Literary world tantalised by prospect of more Frame books

With Janet Frame's funeral over, the literary world is waiting to see what she may have left for publication after her death - with speculation there might even be a fourth volume of her autobiography.

Frame published her last novel, The Carpathians, in 1988 and finished the third volume of her autobiography in 1984 - but it traced her life only to the mid-1960s.

She was a compulsive writer of poetry, but had not published a poetry volume since 1967.

Her biographer, Michael King, said she was writing until as recently as three months ago, and was believed to have made a new will in the last few months when she knew she was dying.

Full Story.


National Writers Union on Amazon's "Search Inside the Book"

The NWU Online Activity Center has an open letter to National Writers Union Members on the "Search Inside the Book" program. They say although Amazon has disabled the ability to print the book pages
from Search Inside titles, it is very easy to extract discrete
information from books.
As more people get
broadband access to the Internet, looking up something on Amazon
may become widespread. What is more, pirating of entire books is
now childishly simple. All it takes is spending a little time on

The National Writers Union's Grievance and Contract Division and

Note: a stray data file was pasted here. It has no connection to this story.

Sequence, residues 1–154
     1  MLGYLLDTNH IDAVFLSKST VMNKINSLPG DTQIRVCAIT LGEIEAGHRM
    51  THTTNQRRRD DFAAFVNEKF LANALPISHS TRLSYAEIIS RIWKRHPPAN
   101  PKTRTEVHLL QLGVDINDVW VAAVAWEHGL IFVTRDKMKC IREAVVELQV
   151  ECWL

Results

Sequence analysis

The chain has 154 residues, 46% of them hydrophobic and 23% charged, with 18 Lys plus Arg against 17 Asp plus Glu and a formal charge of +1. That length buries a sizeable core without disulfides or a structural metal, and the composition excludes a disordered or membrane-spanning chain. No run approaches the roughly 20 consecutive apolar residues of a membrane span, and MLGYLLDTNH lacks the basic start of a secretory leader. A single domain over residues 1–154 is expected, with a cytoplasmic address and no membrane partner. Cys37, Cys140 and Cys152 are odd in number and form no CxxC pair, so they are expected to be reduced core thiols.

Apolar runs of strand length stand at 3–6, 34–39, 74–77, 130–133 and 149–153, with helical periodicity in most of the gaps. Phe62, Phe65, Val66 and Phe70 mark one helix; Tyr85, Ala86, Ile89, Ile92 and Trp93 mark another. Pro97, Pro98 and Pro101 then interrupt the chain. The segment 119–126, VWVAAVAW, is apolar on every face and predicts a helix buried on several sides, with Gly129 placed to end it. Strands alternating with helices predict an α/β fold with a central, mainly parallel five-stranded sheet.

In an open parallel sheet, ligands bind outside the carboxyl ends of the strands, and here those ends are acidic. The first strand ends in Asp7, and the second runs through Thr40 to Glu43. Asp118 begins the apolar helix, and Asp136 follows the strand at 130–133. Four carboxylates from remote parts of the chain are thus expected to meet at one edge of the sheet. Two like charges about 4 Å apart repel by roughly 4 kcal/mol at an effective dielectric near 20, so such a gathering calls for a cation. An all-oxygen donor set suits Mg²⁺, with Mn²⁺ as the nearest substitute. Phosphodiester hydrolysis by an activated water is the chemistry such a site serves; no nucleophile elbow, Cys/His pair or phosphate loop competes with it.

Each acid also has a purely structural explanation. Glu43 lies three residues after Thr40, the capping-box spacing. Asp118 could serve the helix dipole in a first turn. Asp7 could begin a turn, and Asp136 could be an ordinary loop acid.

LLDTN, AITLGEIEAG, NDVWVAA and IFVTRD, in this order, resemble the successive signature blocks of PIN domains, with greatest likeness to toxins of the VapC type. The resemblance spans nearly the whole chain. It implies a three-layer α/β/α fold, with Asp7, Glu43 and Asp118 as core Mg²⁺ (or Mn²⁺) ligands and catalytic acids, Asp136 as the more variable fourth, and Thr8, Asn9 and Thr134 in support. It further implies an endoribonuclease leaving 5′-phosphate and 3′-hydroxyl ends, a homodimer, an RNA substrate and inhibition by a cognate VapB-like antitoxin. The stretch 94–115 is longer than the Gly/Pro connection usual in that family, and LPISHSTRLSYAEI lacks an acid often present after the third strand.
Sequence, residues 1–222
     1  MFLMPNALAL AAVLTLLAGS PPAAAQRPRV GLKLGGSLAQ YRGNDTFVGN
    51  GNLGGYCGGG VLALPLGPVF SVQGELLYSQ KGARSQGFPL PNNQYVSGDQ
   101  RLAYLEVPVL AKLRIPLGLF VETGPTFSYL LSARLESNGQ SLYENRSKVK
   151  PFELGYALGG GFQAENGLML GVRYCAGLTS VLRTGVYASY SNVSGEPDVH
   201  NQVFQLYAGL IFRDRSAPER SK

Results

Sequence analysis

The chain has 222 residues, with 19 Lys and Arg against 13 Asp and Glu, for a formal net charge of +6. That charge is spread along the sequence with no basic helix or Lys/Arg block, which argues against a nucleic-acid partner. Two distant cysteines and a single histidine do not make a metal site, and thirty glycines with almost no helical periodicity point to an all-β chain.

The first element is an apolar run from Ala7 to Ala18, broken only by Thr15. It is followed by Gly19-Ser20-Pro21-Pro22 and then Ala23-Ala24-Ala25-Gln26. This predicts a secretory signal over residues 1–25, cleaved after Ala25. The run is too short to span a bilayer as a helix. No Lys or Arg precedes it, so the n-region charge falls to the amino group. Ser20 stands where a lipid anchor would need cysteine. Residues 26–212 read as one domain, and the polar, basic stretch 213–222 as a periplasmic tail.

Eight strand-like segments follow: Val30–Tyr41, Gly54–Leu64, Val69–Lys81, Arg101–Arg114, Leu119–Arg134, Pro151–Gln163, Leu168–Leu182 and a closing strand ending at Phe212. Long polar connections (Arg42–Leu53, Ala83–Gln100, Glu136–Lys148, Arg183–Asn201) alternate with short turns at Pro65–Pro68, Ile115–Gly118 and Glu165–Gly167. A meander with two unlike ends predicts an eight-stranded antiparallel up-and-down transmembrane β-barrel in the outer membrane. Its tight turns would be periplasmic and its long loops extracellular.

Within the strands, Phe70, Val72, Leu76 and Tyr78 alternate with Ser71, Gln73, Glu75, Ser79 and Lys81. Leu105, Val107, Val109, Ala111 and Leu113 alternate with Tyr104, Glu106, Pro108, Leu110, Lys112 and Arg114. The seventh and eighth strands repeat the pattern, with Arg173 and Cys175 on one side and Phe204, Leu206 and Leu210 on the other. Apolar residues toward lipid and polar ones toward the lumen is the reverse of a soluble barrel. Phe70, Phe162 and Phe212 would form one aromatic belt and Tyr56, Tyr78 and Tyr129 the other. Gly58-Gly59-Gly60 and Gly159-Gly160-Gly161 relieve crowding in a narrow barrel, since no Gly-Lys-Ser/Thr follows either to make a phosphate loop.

Book Division recommend that all book authors consider contacting Amazon with a DMCA complaint and contacting their publisher in writing.
They are also concerned that is reportedly considering
a book search feature, which they say might similarly infringe writers'
copyrights. They caution to keep in mind the need to
obtain permission from holders of electronic rights for
distribution of their works.


Neil Gaiman to be on ALA poster

Neil Gaiman, writer of the Sandman series of graphic novels, as well as American Gods and Coraline, talks in his journal about his photo shoot for an upcoming ALA poster session:

The photographer explained that she was going to do a straightforward photo (which she took), and that later she wants take some more imaginative ones -- me looming from the darkness, me with paint or ink dripping from my hand, that kind of thing. And then she mentioned that she wanted to also take a photo of me as the mythological or literary character of my choice, and wondered who I'd like to be.